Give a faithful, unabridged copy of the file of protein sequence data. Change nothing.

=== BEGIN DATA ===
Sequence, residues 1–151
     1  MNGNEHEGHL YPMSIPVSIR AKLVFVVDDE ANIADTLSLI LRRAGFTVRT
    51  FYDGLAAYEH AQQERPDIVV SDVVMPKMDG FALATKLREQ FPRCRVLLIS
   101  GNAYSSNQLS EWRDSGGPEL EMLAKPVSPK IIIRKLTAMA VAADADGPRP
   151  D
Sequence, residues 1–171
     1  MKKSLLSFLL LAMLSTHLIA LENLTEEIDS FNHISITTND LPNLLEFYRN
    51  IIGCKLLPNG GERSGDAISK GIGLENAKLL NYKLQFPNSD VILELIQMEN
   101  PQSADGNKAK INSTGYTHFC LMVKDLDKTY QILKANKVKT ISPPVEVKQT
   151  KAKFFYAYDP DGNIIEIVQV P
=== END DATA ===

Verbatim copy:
Sequence, residues 1–151
     1  MNGNEHEGHL YPMSIPVSIR AKLVFVVDDE ANIADTLSLI LRRAGFTVRT
    51  FYDGLAAYEH AQQERPDIVV SDVVMPKMDG FALATKLREQ FPRCRVLLIS
   101  GNAYSSNQLS EWRDSGGPEL EMLAKPVSPK IIIRKLTAMA VAADADGPRP
   151  D
Sequence, residues 1–171
     1  MKKSLLSFLL LAMLSTHLIA LENLTEEIDS FNHISITTND LPNLLEFYRN
    51  IIGCKLLPNG GERSGDAISK GIGLENAKLL NYKLQFPNSD VILELIQMEN
   101  PQSADGNKAK INSTGYTHFC LMVKDLDKTY QILKANKVKT ISPPVEVKQT
   151  KAKFFYAYDP DGNIIEIVQV P